Saturday, 18 November, 2017

May faces plot to oust her from Downing Street: Sunday Times

12 Nov 2017, 18:34 ( 5 days ago) | updated: 12 Nov 2017, 18:37 ( 5 days ago)

DF-Xinhua Report
British Prime Minister Theresa May. File Photo Xinhua.

 

British Prime Minister Theresa May faces a "make or break month" with 40 of her own MPs prepared to force her to resign, the Sunday Times (ST) newspaper in London claimed Sunday.

The blow for the embattled leader comes just 48 hours before the Brexit bill debate in the House of Commons. The bill is seen as the most important piece of legislation paving the way for Britain's exit from the European Union (EU).

More than 400 amendments have been put forward to change the bill which aims to convert all current EU law into British law.

MPs from the main opposition Labour Party are expected to join Conservative rebels in a bid to inflict a series of damaging defeats on the government when voting on the bill takes place later this week.

Labour's shadow Brexit secretary Keir Starmer accused May of ignoring concerns about the withdrawal bill. He told the Observer newspaper that May's government could be heading for defeat on up to 13 amendments tabled by her own rebels.

One of Labour's demands is that parliament, and not ministers, must have the final say on whether to approve the withdrawal agreement and how best to implement it.

On Friday determined May announced the bill will stipulate the precise moment when Britain will cease to be an EU member, which is at 11 p.m. on March 29, 2019.

To add to her woes, May has seen two of her front bench ministers resigning this week, with her own deputy Damian Green under investigation as part of the so-called sex-pest scandal that has engulfed Westminster. There have also been calls for the Foreign Secretary Boris Johnson to resign over his handling of a British Iranian mom jailed in Iran as a spy.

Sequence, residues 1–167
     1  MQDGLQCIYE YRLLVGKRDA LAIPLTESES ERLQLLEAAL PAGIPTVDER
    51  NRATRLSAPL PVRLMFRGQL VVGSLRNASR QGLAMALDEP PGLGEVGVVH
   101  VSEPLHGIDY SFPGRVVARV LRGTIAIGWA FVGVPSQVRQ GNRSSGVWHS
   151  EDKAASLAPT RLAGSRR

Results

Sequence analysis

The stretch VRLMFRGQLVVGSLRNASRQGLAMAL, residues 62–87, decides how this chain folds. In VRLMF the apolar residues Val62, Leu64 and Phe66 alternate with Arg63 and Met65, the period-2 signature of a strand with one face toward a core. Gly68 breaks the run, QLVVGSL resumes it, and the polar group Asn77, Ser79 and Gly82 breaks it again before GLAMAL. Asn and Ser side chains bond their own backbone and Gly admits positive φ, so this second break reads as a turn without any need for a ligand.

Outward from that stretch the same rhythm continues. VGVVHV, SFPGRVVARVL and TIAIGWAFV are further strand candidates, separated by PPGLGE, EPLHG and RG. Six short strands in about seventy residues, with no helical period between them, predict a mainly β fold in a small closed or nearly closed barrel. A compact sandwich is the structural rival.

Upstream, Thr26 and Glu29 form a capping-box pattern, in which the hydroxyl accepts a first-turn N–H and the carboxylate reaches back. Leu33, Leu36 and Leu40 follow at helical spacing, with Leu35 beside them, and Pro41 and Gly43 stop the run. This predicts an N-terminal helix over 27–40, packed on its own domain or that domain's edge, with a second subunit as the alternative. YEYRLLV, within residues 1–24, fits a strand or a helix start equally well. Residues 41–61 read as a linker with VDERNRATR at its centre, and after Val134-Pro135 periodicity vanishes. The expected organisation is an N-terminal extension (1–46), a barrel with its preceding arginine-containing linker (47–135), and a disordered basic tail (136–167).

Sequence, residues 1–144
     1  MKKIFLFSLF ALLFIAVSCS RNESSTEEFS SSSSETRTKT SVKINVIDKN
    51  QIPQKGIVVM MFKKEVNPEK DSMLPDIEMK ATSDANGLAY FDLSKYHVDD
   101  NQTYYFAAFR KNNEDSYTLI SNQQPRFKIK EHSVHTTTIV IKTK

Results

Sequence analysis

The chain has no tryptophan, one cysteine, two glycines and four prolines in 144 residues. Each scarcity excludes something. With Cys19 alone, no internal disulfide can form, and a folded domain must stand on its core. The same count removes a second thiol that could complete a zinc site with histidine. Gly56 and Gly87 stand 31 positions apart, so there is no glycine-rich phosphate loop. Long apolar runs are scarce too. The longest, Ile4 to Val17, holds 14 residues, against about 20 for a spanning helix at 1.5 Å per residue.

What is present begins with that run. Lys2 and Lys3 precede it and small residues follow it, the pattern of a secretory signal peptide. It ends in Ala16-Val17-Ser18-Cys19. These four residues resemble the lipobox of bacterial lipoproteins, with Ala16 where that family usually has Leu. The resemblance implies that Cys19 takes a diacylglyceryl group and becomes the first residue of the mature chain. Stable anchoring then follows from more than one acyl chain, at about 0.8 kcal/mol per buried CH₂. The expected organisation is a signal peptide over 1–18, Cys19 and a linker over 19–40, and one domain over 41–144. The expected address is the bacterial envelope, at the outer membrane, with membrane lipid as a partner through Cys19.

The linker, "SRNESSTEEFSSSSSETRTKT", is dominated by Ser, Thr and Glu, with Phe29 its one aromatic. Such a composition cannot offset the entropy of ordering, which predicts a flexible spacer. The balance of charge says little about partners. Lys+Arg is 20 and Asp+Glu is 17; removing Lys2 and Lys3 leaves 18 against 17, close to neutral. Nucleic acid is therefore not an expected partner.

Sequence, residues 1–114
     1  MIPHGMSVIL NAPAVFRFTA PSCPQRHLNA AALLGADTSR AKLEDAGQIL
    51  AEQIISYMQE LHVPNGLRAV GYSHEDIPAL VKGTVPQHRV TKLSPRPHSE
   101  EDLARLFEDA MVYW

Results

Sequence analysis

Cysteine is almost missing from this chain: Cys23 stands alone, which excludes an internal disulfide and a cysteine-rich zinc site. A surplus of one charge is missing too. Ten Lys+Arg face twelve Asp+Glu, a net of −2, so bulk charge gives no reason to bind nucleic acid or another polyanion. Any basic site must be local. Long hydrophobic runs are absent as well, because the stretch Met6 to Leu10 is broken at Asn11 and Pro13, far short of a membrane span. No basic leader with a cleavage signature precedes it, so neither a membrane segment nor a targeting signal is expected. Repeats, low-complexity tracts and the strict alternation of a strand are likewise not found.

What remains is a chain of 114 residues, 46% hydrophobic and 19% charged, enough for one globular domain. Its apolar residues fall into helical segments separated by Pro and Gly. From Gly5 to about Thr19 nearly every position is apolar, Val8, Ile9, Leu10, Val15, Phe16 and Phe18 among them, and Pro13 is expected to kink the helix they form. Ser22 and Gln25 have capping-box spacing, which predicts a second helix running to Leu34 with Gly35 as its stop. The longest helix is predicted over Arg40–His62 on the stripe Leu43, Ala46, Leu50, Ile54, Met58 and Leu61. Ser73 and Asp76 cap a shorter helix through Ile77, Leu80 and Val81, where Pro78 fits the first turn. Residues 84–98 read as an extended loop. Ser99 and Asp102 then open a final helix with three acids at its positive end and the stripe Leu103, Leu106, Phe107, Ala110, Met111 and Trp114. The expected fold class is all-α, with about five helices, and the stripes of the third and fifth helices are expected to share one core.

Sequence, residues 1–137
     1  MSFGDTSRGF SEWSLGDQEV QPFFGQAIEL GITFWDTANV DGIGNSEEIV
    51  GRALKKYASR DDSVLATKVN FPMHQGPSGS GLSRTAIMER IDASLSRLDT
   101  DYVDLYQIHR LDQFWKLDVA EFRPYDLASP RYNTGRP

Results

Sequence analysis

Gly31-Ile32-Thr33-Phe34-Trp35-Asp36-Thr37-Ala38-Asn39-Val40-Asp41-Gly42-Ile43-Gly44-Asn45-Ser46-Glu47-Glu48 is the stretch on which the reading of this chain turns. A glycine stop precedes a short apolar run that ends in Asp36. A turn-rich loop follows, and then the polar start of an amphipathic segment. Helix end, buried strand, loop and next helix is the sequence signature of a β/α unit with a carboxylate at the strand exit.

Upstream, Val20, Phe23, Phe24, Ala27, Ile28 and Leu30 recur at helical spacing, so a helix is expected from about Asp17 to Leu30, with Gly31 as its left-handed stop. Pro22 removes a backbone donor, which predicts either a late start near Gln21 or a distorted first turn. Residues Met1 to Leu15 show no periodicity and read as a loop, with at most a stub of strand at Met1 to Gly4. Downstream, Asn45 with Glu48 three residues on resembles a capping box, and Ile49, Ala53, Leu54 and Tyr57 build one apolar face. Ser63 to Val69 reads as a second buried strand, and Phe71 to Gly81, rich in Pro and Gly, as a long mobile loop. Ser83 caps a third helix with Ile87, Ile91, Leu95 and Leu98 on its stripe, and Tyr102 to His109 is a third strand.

Just 48 MPs would need to sign a letter of no confidence in May to trigger a challenge to her leadership. Sources told the ST that 40 MPs have so far agreed to sign.

Labour leader Jeremy Corbyn joined the clamour for May to go, saying in the ST that she should govern or go, and claiming the prime minister shows every sign of being in office but not in power.

The ST claimed that privately some Conservative MPs and ministers agree with Corbyn and fear May has become a liability to the Brexit process.

The report quotes an unnamed government minister as saying: "It's a horrible thing to say, but we are getting closer and closer to the point whereby we need some time in opposition to regroup."

Supporters of May responded with claims the attacks are orchestrated by Remain supporters opposed to Brexit.

Brexit Secretary David Davis, who is leading the British negotiating team with Brussels, said Sunday the government will attempt to face down rebels demanding concessions on the withdrawal bill.

The latest round of talks between Davis and his EU counterpart Michel Barnier, ended with Barnier saying Britain has two-weeks to come up with details of its Brexit divorce settlement if negotiations on a future trading relationship are to get underway soon.

However, a seasoned political commentator said in a television interview that as there is no obvious successor to May with the ability to unify warring factions, the prime minister is likely remain at Number 10.

 

 

 

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